B.M.: Yeah, I think it’s all about people’s fear for something different. And people’s fear of change. You know, we just did a press conference yesterday with the New York State Attorney General, Letitia James. And we were speaking on the effects of the health-care ruling that Trump made on this past Friday and how it’s going to affect that community. And we had a number of people from the trans and nonbinary community speak on their experiences and how it affects them. Because it’s not just about that they can’t go to the doctor. This creates a mental fear in them. And it creates mental health issues within them and we need to address that immediately. They’re being treated as if they’re not human beings. It’s all about visibility. So having been on that press conference and speaking, gives their voices a face. It gives them, a chance to say, “Hey, I’m human, I may be different from you, but I’m just like you.” You know, these are our neighbors. These are our friends. These are family members. These are people within our community. And we need to treat them with the respect they deserve. I think I’ve had it with this conversation of the exclusivity factor of it all. We are all on this earth to make a difference and we are all on this earth to support each other and love each other. And if you’re not on that, that wave, then, you know what — you need to sit back and question what is your role in this country? And how are you working to the betterment of the Black community and just our country? What is your role in making this life better? And if you don’t have an answer to that, then I think you need to reevaluate your stance in life and the actions that you make.

H.J.A.W.: I want to make something very clear, because a lot of people are under the wrong impression of all the marches and protests and demonstrations. The fight isn’t against the race. The fight is against racism and the act of racism. So, you know, LGBTQ community — that’s right underneath Black Lives Matter. Black Lives Matter didn’t signify that not all Black lives matter. And it didn’t signify that not other races matter. It just means that if you have melanin in your skin, any type of melanin in your skin — and you can be shot at before you could even speak or say what your résumé is — you’re at risk. I’m a mixed man. So, you know, I’m Black first, but I’m also mixed. Nobody’s asking you what is your education before they shoot you. They’re not asking you, “Do you speak Spanish?” They’re not asking you, “Oh, who are you related to?” No. If you have melanin in your skin, that is our fight. That is what we’re fighting right now. We’re fighting against racism.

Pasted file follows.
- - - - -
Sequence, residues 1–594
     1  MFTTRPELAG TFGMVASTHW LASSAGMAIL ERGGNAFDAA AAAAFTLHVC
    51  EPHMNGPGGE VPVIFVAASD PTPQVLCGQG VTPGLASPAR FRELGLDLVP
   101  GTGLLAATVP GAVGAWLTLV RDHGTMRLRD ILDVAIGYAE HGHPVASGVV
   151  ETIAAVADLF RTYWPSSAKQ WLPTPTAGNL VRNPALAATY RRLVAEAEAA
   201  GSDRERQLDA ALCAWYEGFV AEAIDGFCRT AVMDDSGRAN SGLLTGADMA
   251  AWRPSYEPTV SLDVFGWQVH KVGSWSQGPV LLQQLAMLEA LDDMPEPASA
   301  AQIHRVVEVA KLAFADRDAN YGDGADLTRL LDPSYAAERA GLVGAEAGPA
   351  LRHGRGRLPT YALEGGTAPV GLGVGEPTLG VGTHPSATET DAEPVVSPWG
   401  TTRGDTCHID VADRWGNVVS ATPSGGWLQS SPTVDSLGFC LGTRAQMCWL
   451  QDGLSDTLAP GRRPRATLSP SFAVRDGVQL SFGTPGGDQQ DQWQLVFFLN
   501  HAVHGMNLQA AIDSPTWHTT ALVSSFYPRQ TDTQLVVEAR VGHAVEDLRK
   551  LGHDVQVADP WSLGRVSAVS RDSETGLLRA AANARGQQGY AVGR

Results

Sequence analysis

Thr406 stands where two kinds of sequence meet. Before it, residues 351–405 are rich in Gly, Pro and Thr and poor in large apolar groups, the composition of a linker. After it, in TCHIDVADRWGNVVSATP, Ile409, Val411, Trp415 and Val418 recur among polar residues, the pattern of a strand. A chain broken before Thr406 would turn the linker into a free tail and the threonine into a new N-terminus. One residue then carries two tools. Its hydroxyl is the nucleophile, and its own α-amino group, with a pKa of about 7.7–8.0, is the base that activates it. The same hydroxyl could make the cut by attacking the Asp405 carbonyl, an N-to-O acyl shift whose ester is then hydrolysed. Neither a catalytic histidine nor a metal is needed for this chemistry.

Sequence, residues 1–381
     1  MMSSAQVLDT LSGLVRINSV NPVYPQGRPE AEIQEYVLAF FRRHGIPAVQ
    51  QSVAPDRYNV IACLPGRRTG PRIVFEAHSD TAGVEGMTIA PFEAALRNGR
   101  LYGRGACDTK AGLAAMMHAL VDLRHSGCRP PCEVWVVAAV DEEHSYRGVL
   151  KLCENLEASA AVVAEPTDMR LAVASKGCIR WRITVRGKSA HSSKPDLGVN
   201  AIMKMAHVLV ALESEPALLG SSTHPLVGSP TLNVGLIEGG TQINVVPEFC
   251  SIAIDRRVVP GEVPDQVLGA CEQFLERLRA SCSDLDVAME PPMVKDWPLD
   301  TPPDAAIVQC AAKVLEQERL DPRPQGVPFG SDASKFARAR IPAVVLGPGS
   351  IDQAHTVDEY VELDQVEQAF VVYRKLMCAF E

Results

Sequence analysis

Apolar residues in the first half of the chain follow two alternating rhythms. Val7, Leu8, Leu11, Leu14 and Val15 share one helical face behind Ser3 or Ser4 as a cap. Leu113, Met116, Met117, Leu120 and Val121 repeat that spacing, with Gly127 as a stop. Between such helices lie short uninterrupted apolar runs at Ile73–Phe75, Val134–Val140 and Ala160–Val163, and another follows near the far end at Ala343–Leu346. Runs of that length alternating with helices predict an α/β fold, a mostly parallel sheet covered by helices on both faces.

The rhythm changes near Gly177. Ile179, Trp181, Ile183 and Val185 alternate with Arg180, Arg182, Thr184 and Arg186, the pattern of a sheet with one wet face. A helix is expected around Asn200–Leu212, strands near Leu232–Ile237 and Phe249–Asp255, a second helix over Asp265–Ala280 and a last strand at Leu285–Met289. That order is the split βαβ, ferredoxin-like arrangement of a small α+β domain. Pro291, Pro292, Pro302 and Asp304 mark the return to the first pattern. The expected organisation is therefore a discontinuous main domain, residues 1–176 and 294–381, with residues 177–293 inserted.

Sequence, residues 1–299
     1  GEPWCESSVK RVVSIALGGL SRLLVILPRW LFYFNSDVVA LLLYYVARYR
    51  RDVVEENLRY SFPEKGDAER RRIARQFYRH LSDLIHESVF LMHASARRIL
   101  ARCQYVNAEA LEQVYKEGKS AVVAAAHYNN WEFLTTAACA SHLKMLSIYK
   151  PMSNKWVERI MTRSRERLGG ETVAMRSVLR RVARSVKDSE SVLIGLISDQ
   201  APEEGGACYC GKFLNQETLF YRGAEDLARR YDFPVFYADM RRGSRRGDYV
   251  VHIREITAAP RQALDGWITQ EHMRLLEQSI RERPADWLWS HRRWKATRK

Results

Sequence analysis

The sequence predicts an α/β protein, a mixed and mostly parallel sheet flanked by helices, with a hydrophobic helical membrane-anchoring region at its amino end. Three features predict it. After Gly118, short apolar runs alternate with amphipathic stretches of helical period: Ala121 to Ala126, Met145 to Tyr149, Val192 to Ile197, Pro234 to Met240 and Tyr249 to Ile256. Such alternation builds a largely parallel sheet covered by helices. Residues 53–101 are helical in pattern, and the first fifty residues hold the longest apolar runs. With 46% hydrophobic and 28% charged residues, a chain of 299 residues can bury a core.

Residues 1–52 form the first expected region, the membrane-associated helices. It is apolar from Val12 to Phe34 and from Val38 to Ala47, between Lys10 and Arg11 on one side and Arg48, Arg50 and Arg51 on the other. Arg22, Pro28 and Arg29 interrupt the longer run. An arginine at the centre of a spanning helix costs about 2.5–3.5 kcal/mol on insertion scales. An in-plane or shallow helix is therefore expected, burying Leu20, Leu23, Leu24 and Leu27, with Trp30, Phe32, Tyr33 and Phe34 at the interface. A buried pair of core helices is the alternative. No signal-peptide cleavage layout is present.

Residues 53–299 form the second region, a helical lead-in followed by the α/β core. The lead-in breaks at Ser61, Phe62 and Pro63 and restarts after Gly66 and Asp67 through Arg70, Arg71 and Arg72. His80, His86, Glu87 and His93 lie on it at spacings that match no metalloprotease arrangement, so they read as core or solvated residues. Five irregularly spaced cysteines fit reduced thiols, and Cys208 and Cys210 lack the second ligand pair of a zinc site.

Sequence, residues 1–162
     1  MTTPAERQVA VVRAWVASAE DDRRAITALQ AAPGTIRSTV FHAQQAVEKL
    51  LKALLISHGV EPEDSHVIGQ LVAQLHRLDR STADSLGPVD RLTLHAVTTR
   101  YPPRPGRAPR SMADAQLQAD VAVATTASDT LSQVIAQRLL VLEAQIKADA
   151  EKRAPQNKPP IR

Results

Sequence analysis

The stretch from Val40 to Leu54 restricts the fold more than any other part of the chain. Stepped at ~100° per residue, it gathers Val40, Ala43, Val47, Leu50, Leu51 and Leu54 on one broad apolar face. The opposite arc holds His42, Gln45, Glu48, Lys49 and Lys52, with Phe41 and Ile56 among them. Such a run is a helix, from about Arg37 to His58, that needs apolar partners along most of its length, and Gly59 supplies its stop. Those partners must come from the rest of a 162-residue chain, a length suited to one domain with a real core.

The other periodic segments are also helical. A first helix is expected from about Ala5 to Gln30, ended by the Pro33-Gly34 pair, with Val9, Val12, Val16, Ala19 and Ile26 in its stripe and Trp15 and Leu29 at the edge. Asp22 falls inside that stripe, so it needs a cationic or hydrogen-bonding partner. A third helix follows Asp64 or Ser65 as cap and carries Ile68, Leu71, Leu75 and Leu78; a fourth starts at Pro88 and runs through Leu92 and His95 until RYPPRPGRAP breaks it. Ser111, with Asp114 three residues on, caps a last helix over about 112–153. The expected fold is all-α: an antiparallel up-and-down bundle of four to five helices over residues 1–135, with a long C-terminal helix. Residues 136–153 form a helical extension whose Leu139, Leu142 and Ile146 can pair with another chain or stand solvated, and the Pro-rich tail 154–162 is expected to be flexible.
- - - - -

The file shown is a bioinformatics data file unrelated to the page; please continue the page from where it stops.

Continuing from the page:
We’re not fighting other races. And I think that’s what people need to understand is also when it comes down to the LGBTQ community. They’re not going to ask, “Oh, you’re gay, OK? Then you’re excluded.” No. You’re a part of this as well. And we need everybody to understand because I think that message is getting lost. Now, you have people saying, “We don’t feel like Black Lives Matter is representing us?” And I say, how can you not feel like that represents you when it actually is that’s one of our battles. Yes. We [queer and black] have double the battle to fight. We could be in a so much better place right now in this world if we could just put our differences aside and focus on getting to those goals and focus on, you know, human progress.